Why do GP’s sometimes charge fees?
The NHS provides most health care to most people free of charge, but there are a exceptions: prescription charges have existed since 1951, and there are a number of other services for which fees are charged. Sometimes the charge is made to cover some of the cost of treatment such as travel vaccination in other cases it is because the service is not covered by the NHS, for example medical reports for insurance companies.
Surely the doctor is being paid anyway?
It is important to understand that GP’s are not employed by the NHS, they are self-employed, and they have to cover their costs- staff, buildings, heating, lighting etc. in the same way as any other small business. The NHS covers costs for NHS work, but for non-NHS work the fee has to cover the doctor’s costs.
What is covered by the NHS and what is not?
The Government’s contract with the GP covers medical services to NHS patients. In recent years, more and more organisations have been involving doctors in a whole range of non-medical work. Sometimes the only reason that GP’s are asked is because they are in a position of trust in the community, or because an insurance company or employer wants to be sure that information provided is true and accurate.
Examples of Non-NHS services are:
- Certain Travel Vaccinations
- Private medical reports
- Private certificates
- Accident/sickness insurance certificates
- Passport signing
Examples of non-NHS services for which GP’s can charge other institutions are:
- Medical reports for an insurance company
- Some reports for DSS/Benefits Agency
- Medical Examinations
- Foster/Adoption Medicals
Why does it sometimes take my GP a long time to complete my form?
Time spent completing forms and preparing reports takes the GP away from medical care of his or her patients. Most GP’s have a very heavy workload- the majority work up to 60 hours a week- and paperwork takes up an increasing amount of their time, so many GP’s find they have to work very late at night or at the weekends.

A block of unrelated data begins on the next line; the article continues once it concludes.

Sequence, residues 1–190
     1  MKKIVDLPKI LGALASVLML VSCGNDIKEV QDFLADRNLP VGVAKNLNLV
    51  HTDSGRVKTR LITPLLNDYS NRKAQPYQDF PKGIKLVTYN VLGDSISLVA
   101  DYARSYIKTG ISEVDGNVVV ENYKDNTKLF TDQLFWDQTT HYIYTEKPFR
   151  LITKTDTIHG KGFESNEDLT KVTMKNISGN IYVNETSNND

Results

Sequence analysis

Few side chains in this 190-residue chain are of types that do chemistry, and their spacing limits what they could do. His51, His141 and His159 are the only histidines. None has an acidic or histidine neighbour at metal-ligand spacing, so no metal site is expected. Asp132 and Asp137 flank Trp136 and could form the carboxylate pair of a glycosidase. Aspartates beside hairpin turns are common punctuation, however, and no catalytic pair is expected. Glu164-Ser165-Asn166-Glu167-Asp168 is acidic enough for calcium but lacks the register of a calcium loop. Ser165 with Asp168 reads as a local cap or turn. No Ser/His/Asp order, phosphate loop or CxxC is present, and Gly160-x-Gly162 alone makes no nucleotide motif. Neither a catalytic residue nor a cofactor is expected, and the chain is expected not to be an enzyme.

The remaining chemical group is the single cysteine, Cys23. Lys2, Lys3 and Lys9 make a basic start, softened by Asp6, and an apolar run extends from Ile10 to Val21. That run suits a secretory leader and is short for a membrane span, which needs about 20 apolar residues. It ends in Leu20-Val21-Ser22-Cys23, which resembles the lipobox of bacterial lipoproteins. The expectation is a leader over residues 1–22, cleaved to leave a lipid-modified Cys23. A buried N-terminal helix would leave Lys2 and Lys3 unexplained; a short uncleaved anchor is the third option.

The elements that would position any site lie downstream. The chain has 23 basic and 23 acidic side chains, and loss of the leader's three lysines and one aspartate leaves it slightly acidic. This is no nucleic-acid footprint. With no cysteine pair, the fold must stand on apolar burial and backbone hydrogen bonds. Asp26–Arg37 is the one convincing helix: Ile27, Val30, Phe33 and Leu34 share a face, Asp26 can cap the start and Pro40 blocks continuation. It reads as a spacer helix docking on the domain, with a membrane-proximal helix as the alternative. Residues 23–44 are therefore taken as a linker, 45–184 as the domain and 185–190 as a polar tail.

I only need the doctor’s signature-What is the problem?
When a doctor signs a certificate or completes a report, it is a condition of remaining on the Medical Register that they only sign what they know to be true. In order to complete even the simplest of forms, therefore, the doctor must check the patient’s entire medical record. Carelessness or an in accurate report can have serious consequences for the doctor with the General Medical Council or even the Police.
What will I be charged?
The BMA recommends that GP’s tell patients in advance if they will be charged, and how much. It is up to the practice to decide how much, the surgery has a list of fees in reception and is reviewed annually.
What can I do to help?
Not all documents need a signature by a doctor, for example passport applications. You can ask another person in a position of trust to sign such documents
If you have several forms requiring completion, present them all at once
Do not expect your GP to process forms overnight: Allow at least up to 6 weeks
Urgent requests may mean that a doctor has to make special arrangements to process the form quickly, and this may cost more.
Ensure that all consent forms attached to claim forms are completed.